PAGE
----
Conclusion

This study identified a high prevalence of undiagnosed GHD in survivors with no GH test at final height. The results stress the importance of screening for GHD at final height in survivors of childhood brain tumors with prior exposure to cranial irradiation, irrespective of radiation modality and IGF-1.

Significance statement

This cross-sectional study reports a prevalence of 63% of GHD in irradiated childhood brain tumor survivors. Furthermore, the study identified a considerable number of long-term survivors without a GH test at final height, of whom, 50% subsequently were shown to have undiagnosed GHD. Additionally, this study confirmed that a normal serum IGF-1 measurement cannot exclude the diagnosis of GHD in irradiated survivors. This illustrates the need for improvements in the diagnostic approach to GHD after reaching final height in childhood brain tumor survivors at risk of GHD. In summary, our study stresses the need for GHD testing in all adult survivors treated with cranial irradiation for a brain tumor in childhood irrespective of radiation modality.

Open access

Savi R Shishkov, Luigi Tuccillo, Violeta M Iotova, Rosario Pivonello, Iris CM Pelsma, Alberto M Pereira, Nienke R Biermasz, and

Rare endocrine conditions present specific diagnostic and management challenges for healthcare providers, one of which is the understudied transition of care. Despite the need for guidance regarding transition, consensus on structured and protocolled approaches is lacking. Therefore, we aimed to map the current clinical practice and identify unmet needs regarding transition of care for patients with pituitary disease in the reference centers (RCs) of the European Reference Network on Rare Endocrine Conditions (Endo-ERN). A survey-based, cross-sectional study using the EU Survey tool was performed and completed by 46 physicians (n) from 30 RCs (N). Transition is a common practice among RCs (n  = 44/46), usually accomplished by a multidisciplinary team meeting (N = 20/30). Criteria for start and end of transition were defined in half of the RCs, with 16.7% of centers providing dissimilar answers. Transition readiness was assessed by >75% of the RCs, mostly by unvalidated means (e.g. subjective opinions, informal consultations). Pituitary-specific transition assessment tool was applied in one RC only. Transition protocols were present in only 9% of RCs, while in many RCs, transition decisions were taken in combined adult-pediatric meetings or based on clinicians’ personal judgment. A minority of physicians evaluated the effectiveness of transition-related interventions (n  = 11/46) or medical outcomes (n  = 8/46). Patient-reported outcome measures were infrequently used (n  = 4/46). Identified unmet needs included the development of guidelines (n  = 5/46) and EU-wide approach (n  = 2/46). This study exemplifies the unmet needs for a structural definition of the transition period and transition management for patients with rare hypothalamic and pituitary conditions from healthcare providers’ perspective.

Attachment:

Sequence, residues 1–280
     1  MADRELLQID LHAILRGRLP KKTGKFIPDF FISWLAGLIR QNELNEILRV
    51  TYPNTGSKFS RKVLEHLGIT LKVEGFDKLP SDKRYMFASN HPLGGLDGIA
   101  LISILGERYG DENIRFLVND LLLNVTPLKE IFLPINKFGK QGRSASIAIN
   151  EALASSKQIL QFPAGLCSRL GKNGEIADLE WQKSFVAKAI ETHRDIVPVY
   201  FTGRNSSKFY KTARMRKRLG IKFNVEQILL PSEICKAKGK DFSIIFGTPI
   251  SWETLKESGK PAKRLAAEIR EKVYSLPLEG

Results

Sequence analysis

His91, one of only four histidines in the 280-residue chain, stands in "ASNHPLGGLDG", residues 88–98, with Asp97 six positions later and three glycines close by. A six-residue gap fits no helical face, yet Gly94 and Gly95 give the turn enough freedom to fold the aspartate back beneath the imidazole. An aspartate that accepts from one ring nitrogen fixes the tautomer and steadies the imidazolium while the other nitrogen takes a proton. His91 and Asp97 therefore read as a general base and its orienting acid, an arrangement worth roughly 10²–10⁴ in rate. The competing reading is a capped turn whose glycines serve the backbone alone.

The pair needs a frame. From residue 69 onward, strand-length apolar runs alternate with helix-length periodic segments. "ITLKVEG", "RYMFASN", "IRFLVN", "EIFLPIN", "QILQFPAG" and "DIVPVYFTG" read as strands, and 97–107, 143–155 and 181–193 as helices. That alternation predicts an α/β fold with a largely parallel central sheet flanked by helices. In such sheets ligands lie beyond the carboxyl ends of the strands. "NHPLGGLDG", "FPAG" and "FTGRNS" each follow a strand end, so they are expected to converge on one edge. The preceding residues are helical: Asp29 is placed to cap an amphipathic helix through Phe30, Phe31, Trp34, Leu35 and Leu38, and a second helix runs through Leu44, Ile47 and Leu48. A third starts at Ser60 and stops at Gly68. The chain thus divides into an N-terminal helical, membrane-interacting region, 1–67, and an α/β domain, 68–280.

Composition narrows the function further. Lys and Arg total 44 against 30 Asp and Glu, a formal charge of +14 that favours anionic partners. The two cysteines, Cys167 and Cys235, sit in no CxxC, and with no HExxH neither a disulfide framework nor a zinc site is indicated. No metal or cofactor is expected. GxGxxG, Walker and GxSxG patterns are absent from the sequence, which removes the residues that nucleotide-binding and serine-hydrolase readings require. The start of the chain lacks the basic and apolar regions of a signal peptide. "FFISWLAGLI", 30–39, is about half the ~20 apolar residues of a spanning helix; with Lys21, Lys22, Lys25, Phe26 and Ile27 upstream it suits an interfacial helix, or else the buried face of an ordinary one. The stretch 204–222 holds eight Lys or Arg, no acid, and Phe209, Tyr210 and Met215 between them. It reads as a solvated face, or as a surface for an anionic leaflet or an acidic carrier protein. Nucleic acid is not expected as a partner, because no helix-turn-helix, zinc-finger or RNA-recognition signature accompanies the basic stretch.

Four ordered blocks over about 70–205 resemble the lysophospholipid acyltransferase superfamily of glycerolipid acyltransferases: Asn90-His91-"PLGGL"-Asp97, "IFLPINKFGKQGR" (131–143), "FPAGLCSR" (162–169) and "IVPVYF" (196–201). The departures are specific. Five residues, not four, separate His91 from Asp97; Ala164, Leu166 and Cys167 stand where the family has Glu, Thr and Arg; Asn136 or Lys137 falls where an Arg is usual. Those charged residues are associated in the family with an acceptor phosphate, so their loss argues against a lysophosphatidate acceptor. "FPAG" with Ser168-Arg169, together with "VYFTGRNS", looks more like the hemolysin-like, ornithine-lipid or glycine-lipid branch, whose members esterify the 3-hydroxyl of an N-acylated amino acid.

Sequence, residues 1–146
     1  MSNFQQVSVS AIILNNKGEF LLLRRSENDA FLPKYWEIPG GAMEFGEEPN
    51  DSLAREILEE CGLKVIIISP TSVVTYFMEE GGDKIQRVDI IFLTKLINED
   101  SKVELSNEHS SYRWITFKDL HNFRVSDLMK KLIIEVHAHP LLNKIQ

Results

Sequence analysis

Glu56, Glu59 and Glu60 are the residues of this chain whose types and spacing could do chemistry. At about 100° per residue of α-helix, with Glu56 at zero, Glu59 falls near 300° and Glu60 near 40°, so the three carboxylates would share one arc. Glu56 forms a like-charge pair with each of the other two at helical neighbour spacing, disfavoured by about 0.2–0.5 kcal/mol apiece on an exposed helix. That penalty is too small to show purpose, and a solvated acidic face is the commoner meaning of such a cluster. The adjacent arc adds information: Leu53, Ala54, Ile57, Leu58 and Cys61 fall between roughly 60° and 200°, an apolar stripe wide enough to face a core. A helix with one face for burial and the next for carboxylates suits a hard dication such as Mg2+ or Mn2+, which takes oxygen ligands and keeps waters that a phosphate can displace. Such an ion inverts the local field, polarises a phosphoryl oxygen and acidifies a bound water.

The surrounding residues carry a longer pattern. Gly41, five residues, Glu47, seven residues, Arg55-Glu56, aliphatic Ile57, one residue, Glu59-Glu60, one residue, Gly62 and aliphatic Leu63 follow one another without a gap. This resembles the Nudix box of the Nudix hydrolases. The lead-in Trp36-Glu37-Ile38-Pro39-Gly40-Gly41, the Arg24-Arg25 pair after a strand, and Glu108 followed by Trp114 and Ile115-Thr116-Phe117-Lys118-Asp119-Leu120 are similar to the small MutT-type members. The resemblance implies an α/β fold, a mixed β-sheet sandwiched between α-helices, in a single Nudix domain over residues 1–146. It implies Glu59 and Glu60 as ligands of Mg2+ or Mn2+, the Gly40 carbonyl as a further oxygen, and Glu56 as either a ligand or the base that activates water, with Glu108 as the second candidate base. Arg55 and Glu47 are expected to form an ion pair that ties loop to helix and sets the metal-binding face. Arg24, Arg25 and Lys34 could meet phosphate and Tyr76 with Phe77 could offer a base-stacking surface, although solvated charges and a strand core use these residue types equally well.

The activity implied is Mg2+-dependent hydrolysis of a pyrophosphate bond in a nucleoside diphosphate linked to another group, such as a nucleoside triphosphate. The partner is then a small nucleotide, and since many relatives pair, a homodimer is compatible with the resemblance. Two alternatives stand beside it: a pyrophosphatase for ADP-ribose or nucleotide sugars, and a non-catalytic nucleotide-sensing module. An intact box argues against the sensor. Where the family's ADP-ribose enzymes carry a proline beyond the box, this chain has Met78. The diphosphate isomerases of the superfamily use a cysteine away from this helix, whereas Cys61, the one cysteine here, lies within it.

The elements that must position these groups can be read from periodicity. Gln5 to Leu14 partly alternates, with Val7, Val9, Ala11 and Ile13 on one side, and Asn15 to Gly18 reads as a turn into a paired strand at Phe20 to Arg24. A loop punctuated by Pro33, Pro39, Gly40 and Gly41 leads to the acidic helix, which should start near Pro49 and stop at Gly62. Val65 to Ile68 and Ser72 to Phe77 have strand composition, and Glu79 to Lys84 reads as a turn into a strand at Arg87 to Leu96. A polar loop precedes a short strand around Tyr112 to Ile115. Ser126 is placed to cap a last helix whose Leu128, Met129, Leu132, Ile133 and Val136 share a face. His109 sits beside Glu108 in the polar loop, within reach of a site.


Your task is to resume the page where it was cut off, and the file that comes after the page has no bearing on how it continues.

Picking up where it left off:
Open access

Sophie-Charlotte Drogge, Mirjam Frank, Carolin Girschik, Karl-Heinz Jöckel, Dagmar Führer-Sakel, and Börge Schmidt

Objective

Thyroid-stimulating hormone (TSH) is influenced by genetic and environmental factors such as socioeconomic position (SEP). However, interactions between TSH-related genetic factors and indicators of SEP have not been investigated to date. The aim of the study was to determine whether education and income as SEP indicators may interact with TSH-related genetic effect allele sum scores (GESTSH_2013 and GESTSH_2020) based on two different GWAS meta-analyses that affect TSH values in a population-based study.

Methods

In 4085 participants of the Heinz Nixdorf Recall Study associations between SEP indicators, GESTSH and TSH were quantified using sex- and age-adjusted linear regression models. Interactions between SEP indicators and GESTSH were assessed by GESTSH × SEP interaction terms, single reference joint effects and calculating genetic effects stratified by SEP group.

Results

Participants within the highest education group showed the strongest genetic effect with on average 1.109-fold (95% CI: 1.067–1.155) higher TSH values per GESTSH_2013 SD, while in the lowest education group, the genetic effect was less strong (1.061-fold (95% CI: 1.022–1.103)). In linear regression models including interaction terms, some weak indication for a positive GESTSH_2013 by education interaction was observed showing an interaction effect size estimate of 1.005 (95% CI: 1.000–1.010) per year of education and GESTSH_2013 SD. No indication for interaction was observed for using income as SEP indicator. Using the GESTSH_2020, similar results were observed.

Conclusion

Our results gave some indication that education may affect the expression of TSH-related genetic effects. Stronger genetic effects in high-education groups may be explained by environmental factors that have an impact on gene expression and are more prevalent in high SEP groups.